There are also many other reasons that you could be subject to an audit. The IRS has many industries or transactions that they routinely select for audit due to perceived noncompliance. For example, the IRS may select rental property owners for audit because they believe they underreport income. Another audit trigger is an informant--that is, someone who turns in a taxpayer for noncompliance. The IRS reviews the informant’s claim and may select the person for audit based on the facts presented.

How to handle IRS tax audit?

The IRS audit notice may either require you to attend a meeting in person, or to send additional information by mail. Usually most audits are “mail audits” and not “face-to-face audits.”

You should answer the IRS as soon as you receive a notice. Don’t ignore it or put it off since this only makes it worse. It’s important to note that Jackson Hewitt cannot act as your representative or financial representative.

If the examination results in a change to your tax liability, you may want the IRS to appeal your case. The IRS may reconsider your case if you are submitting additional information that could result in a change to the additional amount they determined that you owe, you are filing an original delinquent return after they determined that you owe an additional amount, or you have identified a mathematical or processing error they made.

You should gather copies of your records, tax returns, canceled checks, and any other necessary information to support your case. Your reasons for disagreeing cannot be based only on moral, religious, political, constitutional, conscientious, or similar grounds.

If you cannot reach an agreement regarding the proposed changes to your tax return, the IRS may send you Letter 525, General 30-day Letter, notifying you of your right to appeal, a copy of the tax examiner's report, and an agreement or a waiver form. If you do not respond to this letter, or if you still do not reach an agreement with the appeals officer, the IRS will send you a Letter 531, Notice of Deficiency. You have 90 days from the date of this notice to file a petition with the Tax Court. If you do not file this petition, you will receive a bill for the amount.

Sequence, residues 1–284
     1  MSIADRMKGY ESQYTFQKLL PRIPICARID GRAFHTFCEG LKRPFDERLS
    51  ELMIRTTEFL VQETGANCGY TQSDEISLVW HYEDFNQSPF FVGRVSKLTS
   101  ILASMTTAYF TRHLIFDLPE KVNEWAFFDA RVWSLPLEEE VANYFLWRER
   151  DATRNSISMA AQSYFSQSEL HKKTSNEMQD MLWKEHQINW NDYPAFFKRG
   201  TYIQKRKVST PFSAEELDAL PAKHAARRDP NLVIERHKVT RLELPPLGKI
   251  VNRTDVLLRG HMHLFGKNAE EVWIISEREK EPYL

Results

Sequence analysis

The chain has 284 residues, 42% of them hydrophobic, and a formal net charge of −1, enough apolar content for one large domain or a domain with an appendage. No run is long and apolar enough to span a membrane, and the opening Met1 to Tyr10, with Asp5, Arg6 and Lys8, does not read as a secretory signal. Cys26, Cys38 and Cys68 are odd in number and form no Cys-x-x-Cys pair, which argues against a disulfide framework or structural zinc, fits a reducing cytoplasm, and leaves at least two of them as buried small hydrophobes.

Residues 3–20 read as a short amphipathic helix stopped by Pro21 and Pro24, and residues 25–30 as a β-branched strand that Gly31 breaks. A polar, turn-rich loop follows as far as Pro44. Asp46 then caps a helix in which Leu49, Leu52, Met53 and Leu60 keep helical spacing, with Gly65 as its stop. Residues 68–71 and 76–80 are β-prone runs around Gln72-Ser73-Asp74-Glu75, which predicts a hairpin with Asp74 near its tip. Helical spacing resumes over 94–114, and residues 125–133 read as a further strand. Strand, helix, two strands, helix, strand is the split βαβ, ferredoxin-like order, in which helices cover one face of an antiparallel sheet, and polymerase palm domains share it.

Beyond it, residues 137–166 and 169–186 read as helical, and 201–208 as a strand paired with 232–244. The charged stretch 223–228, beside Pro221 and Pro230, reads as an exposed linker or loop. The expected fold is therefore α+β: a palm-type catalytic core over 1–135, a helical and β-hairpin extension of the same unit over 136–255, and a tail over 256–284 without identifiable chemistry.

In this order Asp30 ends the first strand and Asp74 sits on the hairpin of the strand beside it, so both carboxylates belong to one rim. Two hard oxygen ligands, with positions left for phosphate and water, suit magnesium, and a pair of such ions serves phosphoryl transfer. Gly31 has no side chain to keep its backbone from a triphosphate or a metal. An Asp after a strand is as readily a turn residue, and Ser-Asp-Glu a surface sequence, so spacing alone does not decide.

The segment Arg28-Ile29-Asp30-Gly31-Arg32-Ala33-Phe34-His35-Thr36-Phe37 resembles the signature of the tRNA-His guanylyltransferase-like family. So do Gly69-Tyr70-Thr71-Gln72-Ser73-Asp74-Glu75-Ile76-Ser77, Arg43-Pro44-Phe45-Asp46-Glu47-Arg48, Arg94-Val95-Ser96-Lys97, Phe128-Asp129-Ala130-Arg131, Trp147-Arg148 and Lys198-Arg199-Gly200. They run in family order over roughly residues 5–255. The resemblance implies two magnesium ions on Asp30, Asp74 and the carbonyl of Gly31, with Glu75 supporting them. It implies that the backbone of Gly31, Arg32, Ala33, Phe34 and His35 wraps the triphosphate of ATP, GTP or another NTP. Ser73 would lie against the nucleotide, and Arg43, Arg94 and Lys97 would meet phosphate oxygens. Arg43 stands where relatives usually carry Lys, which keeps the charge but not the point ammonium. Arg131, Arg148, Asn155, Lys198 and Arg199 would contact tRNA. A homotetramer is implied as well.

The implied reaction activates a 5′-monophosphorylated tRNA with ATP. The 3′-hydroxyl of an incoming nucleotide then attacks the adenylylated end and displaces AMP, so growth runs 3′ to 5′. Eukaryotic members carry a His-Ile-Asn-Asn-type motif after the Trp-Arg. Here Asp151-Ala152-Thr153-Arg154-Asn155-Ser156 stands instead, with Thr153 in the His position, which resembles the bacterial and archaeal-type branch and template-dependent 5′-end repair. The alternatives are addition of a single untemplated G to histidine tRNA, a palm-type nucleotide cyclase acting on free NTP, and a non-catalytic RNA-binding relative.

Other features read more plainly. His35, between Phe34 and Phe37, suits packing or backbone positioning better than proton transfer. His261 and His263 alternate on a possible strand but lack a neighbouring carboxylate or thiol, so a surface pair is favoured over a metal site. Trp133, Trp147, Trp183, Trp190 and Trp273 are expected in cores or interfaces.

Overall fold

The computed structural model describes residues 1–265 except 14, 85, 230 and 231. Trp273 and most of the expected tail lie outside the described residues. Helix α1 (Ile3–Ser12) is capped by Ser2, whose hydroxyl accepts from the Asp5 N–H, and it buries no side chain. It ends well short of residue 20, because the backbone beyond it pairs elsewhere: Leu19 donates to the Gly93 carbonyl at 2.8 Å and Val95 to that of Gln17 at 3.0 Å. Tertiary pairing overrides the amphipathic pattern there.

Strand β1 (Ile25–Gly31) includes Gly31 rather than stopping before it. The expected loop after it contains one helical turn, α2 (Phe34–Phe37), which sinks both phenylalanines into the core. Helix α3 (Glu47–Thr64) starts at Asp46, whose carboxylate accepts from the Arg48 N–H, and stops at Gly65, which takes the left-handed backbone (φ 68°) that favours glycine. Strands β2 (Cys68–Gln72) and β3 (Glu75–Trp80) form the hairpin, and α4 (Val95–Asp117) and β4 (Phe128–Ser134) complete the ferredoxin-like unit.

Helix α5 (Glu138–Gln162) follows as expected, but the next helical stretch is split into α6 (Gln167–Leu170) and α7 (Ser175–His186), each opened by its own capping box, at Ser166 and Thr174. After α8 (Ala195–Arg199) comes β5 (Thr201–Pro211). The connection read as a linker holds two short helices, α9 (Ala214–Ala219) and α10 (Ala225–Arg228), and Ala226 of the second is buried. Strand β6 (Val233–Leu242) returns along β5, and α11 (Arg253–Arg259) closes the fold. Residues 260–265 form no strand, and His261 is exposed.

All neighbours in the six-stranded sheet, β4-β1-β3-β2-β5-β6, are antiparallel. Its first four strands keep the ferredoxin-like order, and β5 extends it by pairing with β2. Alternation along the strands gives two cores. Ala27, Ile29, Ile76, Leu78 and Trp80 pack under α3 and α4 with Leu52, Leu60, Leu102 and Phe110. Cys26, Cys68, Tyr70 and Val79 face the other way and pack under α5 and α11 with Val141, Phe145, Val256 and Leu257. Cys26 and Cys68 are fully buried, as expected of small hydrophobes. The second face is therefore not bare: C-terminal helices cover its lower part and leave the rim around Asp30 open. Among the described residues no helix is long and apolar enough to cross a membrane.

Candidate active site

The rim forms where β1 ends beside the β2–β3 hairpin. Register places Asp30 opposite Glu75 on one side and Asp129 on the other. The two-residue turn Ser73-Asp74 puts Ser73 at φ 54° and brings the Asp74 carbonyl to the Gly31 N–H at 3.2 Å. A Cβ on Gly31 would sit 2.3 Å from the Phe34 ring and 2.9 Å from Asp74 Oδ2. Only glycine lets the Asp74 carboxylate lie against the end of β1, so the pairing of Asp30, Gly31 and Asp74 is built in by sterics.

What are the typical outcomes for tax audits?

An audit usually has one of these three possible outcomes:

  • No change: an audit in which you have substantiated all of the items being reviewed and results in no changes.
  • Agreed: an audit where the IRS proposed changes and you understand and agree with the changes.
  • Disagreed: an audit where the IRS has proposed changes, and you understand but disagree with the changes.

What are the chances of getting audited?

Although it’s scary, it is quite rare to get audited. You should not live in fear because few people are at risk of an IRS audit. According to IRS data from 2022, 0.39% of taxpayers are at risk of an IRS audit. As mentioned above, if you do get audited, our Tax Pros can help you.

What happens if I don’t pay?

Before we end the article, it’s important to understand the penalties in an audit. The most common penalty is an accuracy penalty. Generally, accuracy penalties are 20% if you are negligent or make a substantial understatement of tax. If the IRS finds that you committed fraud, the civil penalty is 75% of the additional tax owed. If fraud is present, the IRS can also pursue criminal prosecution. Most taxpayers who make attempts to comply are never subject to criminal penalties.

If you receive an IRS notice of an audit, try to remain as calm as possible and always make sure to be as accurate and honest as possible when filing your tax return. You can learn more about owing issues with the IRS here.

About the Author

Mark Steber is Senior Vice President and Chief Tax Information Officer for Jackson Hewitt. With over 30 years of experience, he oversees tax service delivery, quality assurance and tax law adherence. Mark is Jackson Hewitt’s national spokesperson and liaison to the Internal Revenue Service and other government authorities. He is a Certified Public Accountant (CPA), holds registrations in Alabama and Georgia, and is an expert on consumer income taxes including electronic tax and tax data protection.